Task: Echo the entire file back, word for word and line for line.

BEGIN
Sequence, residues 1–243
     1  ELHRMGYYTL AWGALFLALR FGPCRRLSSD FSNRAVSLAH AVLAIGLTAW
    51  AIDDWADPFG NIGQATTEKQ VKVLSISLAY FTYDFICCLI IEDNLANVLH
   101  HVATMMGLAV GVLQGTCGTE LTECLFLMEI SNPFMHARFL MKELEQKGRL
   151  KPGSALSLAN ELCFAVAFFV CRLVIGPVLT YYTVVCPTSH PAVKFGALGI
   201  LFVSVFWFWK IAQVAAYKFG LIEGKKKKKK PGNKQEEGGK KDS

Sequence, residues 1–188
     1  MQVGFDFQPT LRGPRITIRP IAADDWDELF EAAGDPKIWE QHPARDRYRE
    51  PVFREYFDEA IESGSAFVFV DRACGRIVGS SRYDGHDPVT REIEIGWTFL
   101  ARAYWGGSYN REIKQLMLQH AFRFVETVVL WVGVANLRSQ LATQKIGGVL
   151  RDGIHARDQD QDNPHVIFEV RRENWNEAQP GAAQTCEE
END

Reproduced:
Sequence, residues 1–243
     1  ELHRMGYYTL AWGALFLALR FGPCRRLSSD FSNRAVSLAH AVLAIGLTAW
    51  AIDDWADPFG NIGQATTEKQ VKVLSISLAY FTYDFICCLI IEDNLANVLH
   101  HVATMMGLAV GVLQGTCGTE LTECLFLMEI SNPFMHARFL MKELEQKGRL
   151  KPGSALSLAN ELCFAVAFFV CRLVIGPVLT YYTVVCPTSH PAVKFGALGI
   201  LFVSVFWFWK IAQVAAYKFG LIEGKKKKKK PGNKQEEGGK KDS

Sequence, residues 1–188
     1  MQVGFDFQPT LRGPRITIRP IAADDWDELF EAAGDPKIWE QHPARDRYRE
    51  PVFREYFDEA IESGSAFVFV DRACGRIVGS SRYDGHDPVT REIEIGWTFL
   101  ARAYWGGSYN REIKQLMLQH AFRFVETVVL WVGVANLRSQ LATQKIGGVL
   151  RDGIHARDQD QDNPHVIFEV RRENWNEAQP GAAQTCEE